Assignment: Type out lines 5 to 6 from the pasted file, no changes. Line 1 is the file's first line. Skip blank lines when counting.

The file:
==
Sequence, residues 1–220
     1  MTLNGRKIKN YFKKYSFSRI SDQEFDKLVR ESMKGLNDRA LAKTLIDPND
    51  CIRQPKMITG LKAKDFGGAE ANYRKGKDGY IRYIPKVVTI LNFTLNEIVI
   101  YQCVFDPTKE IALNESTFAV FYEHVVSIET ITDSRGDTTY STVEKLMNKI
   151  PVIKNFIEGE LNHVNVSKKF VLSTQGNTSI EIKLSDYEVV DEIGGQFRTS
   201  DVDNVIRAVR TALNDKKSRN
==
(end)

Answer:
   151  PVIKNFIEGE LNHVNVSKKF VLSTQGNTSI EIKLSDYEVV DEIGGQFRTS
   201  DVDNVIRAVR TALNDKKSRN